Cramer: The Conundrum of Expanding Multiples

NEW YORK ( Real Money) --Why are we suddenly willing to pay 18x earnings for General Mills ( GIS) when we were willing to pay only 15x earnings last year and as little as 12x earnings in 2009?

I am talking about the conundrum of multiple expansion and how we are supposed to simultaneously hate that fact and learn to live with it. Unless you are puzzling now over this very issue, I think you are simply not thinking seriously about what's going on in this market.

First, the phenomenon of multiple expansion is not something we should ever be comfortable with. We know that it's totally legitimate to pay more for a stock as its earnings go up. When we decide that a 10% grower like General Mills should get a 15 multiple, then we can match those future earnings streams with that historical multiple and arrive at a price to pay, because in the end, the earnings estimates times the multiple does reveal the stock price.

But how about when we suddenly decide we are going to junk the historical 15x earnings multiple and gravitate, some would save levitate, to 18x earnings? Over the course of just a few months, we have decided not that we should pay up for future growth but that we should pay more for the same growth than we did just a few months ago. That's pure multiple expansion, and we know it should be uncomfortable, because it always feels like you are being like a greater fool when you do. I mean you shouldn't wake up one day and say, "You know what, I am going to pay 19x earnings for General Mills, instead of 18," because implicit in that determination is that someone will come along and pay 19x earnings. If someone doesn't, you should get hurt, as the stock's multiple eventually should revert to the mean.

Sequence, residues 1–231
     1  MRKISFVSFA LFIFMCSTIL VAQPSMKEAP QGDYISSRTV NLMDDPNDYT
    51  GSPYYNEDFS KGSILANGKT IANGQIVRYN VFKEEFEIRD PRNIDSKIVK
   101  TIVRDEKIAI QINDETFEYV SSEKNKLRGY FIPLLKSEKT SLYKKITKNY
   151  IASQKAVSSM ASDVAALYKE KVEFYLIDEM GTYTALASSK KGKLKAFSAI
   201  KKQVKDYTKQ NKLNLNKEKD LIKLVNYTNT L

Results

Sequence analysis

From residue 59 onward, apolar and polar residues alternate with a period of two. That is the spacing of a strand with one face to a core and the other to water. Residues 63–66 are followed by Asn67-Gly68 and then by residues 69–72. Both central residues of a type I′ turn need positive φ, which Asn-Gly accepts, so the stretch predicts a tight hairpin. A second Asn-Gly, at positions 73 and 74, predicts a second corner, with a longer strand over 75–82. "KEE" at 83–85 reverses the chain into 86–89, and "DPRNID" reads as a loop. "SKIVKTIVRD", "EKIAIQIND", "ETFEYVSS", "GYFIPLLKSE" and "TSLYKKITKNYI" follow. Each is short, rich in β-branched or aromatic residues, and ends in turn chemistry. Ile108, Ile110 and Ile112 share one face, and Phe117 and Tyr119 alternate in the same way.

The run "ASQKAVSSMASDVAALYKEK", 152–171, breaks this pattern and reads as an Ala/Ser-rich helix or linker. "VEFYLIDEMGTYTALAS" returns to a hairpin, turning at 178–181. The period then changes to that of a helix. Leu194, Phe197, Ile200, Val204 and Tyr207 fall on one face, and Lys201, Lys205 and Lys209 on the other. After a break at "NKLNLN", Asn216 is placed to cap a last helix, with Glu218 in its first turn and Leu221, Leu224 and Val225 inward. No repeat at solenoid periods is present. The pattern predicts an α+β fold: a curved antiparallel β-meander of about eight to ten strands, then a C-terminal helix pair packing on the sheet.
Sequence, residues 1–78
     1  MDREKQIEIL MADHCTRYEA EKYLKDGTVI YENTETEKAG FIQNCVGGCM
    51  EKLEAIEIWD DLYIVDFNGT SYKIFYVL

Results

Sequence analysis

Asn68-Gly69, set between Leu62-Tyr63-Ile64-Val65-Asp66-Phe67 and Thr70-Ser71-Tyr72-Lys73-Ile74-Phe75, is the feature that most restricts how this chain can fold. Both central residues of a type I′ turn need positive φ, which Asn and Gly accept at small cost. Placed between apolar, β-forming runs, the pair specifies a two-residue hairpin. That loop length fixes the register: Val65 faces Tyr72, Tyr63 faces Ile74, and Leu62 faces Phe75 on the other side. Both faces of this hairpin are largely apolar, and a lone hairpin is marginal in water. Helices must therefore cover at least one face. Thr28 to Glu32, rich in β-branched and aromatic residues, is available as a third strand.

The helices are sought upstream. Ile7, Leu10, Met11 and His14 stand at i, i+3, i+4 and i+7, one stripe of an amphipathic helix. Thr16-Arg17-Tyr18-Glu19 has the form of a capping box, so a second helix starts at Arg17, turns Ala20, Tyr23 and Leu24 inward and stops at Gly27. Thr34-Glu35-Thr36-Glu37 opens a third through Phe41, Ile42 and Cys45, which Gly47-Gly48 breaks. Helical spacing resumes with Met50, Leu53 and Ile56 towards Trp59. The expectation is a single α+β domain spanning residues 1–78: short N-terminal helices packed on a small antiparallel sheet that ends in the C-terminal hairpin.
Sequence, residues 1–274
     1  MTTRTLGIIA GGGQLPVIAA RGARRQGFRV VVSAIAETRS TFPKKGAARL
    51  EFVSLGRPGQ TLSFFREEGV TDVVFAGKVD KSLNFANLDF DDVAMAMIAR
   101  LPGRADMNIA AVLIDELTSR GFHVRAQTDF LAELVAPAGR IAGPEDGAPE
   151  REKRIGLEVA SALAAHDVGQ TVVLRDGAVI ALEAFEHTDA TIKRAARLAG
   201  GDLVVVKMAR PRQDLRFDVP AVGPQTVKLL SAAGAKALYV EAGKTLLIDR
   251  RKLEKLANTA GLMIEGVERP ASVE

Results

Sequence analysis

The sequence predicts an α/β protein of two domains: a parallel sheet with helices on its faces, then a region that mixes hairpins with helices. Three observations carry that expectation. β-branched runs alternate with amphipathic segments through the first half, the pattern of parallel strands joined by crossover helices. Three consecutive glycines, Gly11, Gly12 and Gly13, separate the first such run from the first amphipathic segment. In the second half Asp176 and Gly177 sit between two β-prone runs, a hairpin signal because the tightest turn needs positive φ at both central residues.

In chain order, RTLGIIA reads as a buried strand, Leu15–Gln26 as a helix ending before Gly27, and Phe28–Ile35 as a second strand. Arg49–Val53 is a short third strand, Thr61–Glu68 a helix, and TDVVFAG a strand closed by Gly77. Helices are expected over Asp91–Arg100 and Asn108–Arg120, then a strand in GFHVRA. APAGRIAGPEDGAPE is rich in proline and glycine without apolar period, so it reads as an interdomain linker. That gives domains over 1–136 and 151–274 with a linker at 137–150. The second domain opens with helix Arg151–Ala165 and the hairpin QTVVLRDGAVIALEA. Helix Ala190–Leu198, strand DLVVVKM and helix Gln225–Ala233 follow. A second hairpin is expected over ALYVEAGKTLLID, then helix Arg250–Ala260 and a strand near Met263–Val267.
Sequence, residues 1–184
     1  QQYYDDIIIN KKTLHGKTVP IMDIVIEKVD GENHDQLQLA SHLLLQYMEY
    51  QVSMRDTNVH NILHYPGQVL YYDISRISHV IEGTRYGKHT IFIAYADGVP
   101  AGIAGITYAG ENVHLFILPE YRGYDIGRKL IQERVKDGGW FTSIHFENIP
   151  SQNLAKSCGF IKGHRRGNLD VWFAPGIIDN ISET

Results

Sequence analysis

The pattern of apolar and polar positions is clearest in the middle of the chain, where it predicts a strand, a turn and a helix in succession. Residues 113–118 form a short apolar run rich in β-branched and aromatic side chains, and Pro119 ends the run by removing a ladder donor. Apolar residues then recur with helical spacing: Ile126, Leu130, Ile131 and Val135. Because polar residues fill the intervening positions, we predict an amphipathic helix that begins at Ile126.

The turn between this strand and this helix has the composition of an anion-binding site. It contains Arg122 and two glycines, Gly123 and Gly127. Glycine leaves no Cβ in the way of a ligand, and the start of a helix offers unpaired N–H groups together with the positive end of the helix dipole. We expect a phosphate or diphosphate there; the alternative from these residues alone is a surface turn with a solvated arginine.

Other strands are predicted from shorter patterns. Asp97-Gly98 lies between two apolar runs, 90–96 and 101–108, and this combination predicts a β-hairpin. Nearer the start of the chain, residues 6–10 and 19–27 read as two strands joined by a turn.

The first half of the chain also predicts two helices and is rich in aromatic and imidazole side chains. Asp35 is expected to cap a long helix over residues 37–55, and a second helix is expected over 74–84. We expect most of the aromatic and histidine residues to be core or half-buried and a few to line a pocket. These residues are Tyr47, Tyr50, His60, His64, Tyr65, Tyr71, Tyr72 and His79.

Or should it?

Editor's Note: This article was originally published on Real Money on March 27. To see Jim Cramer's latest commentary as it's published, sign up for a free trial of Real Money.

That's where we are right now. That's what has to be examined. I think there are two ways to look at this. First, you could ask, what has changed about General Mills? And second, you need to ask, what has changed about the world that we are willing to pay more for the future earnings of the one we always affectionately called "Generous Mills" for its bountiful dividend policy, a title that this stock is indeed most worthy of by any stretch of the imagination?

We know that Ken Powell, the CEO, has done a magnificent job of navigating through grain inflation, gasoline inflation, cutthroat competition and a fickle and chary consumer. His slow and steady hand on the tiller is certainly worth a higher multiple than the S&P 500, which currently trades at 15x earnings. So as that S&P multiple goes higher, it is reasonable to think that General Mills should, too.

Second, General Mills has been nothing short of remarkable in its dividend payout. In 2018, General Mills paid 79 cents in dividends. Now it pays $1.22. That's just a terrific appreciation. During that time, the market capitalization has gone from $20 billion to $31 billion, so if the stock had stayed at the same market cap during this period, it would be yielding almost 4%.

I think that's the key to the equation. You cannot get a safe 4% yield with 10% growth in this market anymore, because the world is starved for yield, thanks to the low-interest-rate environment, stoked in part by Ben Bernanke. I think the reason we can go from 15x earnings to 18x is that the dividend tax advantage unexpectedly stayed low at the same time as Bernanke committed us to low rates until 2015. It's that, not the earnings, that's driving this machine.

How do we know this? Because you can perform the exact same function for almost every single soft-goods company that's now yielding 3%. Same progression of the dividend, same progression of the multiple to earnings. That's why the step up. Greater fool? No, just greater search for safe dividends that give you a tax-advantaged yield. And that explains the levitation, not the growth of the packaged goods market, and not the lower input costs. That explains the conundrum. That's something we can live with, even up at these elevated levels, at least for now.

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